Monday, February 2, 2009

This Week at Liberty 02/02/2009

With the exception of a certain overly hyped football game, it was a fairly quiet week at Liberty. We got in a couple more cormorants, Carl made a trip to Ft.Mohave, and the hand feed team is having a great time in the beautiful weather outside. Let's see what happened...
Another neotropic cormorant comes in.

A little help with swallowing.

Joan opens the door!

A new fisherman at Tempe Town Lake!
For some reason as yet to be determined, Liberty (and the other rehab facilities) have been swamped with cormorants in the last few weeks. Some make it, some don't. Like a lot of shore birds, cormorants don't eat well in captivity and have to be force fed. Our staff does a great job and last week, Joan and Alan reversed their normal rescue roles and got to release one of these guys at Tempe Town Lake.
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An injured Cooper's hawk from the California border.
Carl Price made another long road trip to Ft. Mohave this week to transport a cooper's hawk and a great blue heron to Liberty. Both birds arrived in serious condition, but were in the best hands possible at our facility.
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A GHO with a wing injury comes in.

Fluids must be warmed prior to administration.

A stylish purple wing wrap is applied.
Another great horned owl is in rehab. This guy has a wound of indeterminate origin on his left wing. Michelle and Lily carefully administer fluids and then wrap the wing for X-rays later this week. Prior to administering the fluids, they are warmed by putting the syringes in warm water for a few minutes.
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A young harris' hawk with a possible GSW.

The wound is dressed.

Purple works for hawks, too!
A first year harris' hawk was brought in by Tony, one of our new R&T volunteers on his first rescue. Found by hunters, it is suspected he has a gun shot wound in his right wing. Hopefully, X-rays will confirm his injury in day or two.
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Bailey gets some sun.
Most volunteers have their favorite birds, and Joyce seems to have chosen Bailey, our turkey vulture as her personal bird! Vultures drop their body temperature about 10 degrees each night to save energy, and in the morning, they spread their wings, presenting the dark feathers to the sun to gather solar heat. Truly amazing!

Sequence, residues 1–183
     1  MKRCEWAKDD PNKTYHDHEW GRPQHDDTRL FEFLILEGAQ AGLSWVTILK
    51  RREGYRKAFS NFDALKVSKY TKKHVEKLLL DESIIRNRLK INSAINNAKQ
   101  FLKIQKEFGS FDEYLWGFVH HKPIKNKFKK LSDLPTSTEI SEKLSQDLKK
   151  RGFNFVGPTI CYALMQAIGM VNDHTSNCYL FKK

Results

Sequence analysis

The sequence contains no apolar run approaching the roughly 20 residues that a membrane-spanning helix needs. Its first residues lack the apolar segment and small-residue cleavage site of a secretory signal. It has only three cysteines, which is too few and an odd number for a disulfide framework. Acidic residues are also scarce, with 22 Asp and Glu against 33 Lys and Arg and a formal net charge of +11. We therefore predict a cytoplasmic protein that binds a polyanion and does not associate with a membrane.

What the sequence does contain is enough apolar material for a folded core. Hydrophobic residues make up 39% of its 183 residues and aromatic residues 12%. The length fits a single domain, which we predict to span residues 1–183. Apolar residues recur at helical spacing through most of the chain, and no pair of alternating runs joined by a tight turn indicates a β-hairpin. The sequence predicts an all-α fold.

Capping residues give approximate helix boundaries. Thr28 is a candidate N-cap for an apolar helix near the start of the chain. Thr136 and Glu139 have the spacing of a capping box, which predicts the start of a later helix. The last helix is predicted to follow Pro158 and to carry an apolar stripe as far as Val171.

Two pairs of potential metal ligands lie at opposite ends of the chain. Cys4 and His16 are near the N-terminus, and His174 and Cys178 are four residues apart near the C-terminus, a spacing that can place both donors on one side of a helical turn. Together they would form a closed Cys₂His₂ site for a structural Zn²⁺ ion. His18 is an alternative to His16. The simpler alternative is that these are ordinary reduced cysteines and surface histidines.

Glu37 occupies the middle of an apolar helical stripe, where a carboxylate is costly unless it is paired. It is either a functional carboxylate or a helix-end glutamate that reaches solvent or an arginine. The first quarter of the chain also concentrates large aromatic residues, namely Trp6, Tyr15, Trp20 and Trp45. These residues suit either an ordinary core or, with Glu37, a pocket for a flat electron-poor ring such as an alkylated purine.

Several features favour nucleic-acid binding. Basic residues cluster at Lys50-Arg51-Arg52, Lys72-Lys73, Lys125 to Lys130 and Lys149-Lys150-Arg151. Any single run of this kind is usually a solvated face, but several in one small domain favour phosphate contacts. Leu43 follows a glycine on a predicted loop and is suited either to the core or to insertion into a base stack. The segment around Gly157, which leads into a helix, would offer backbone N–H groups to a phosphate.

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OK, here's a fun video showing Jan Miller and Anne Peyton feeding Pawnee, our ferruginous hawk. Why bother with bites and chewing...?

1 comment:

cristoforo said...

Hi everyone at Liberty Wildlife. We are Cris and Kay and we called in for the injured Great Horned Owl. (02-01-09) We have some history on "(Oscar)The Owl" (we hope he is a he) if not let's call her Olivia. For the last 7 years he/she has lived most of the time on our property on Happy Valley Road near Pinnacle Peak. We have 20 acres and a lot of mature mesquite trees (some are 40 feet high) he loves stalking from. He/she gives us many hours of pleasure as we have met many times at different locals on the property. One of his/hers haunts in partilcular is the 300 year old ironwood. He/she will just sit on a branch and just look at us, at most only 20 feet away. We also think there is a mate living on or near the property as we see them both sometimes.
This particular day we notice he was perched on a wall and wouldn't move. We noticed his wing was hanging. He/she let us get within a couple of feet and we knew something was wrong.
We have often seen "Oscar" fly off and zoom at break neck speed between the narrowest of branches of other trees and wondered how he/she gets through without injuring him/herself. Well we think that he/she missed and injured themselves if this is possible. The other possibility that we've talk about is we also have a resident bobcat that may have caused the injury.
Anyhow, we hope that Oscar/Olivia can be return to us in fit form and health, to a place of familiarity for him/her. Thanks to Liberty and the staff there.
Cris and Kay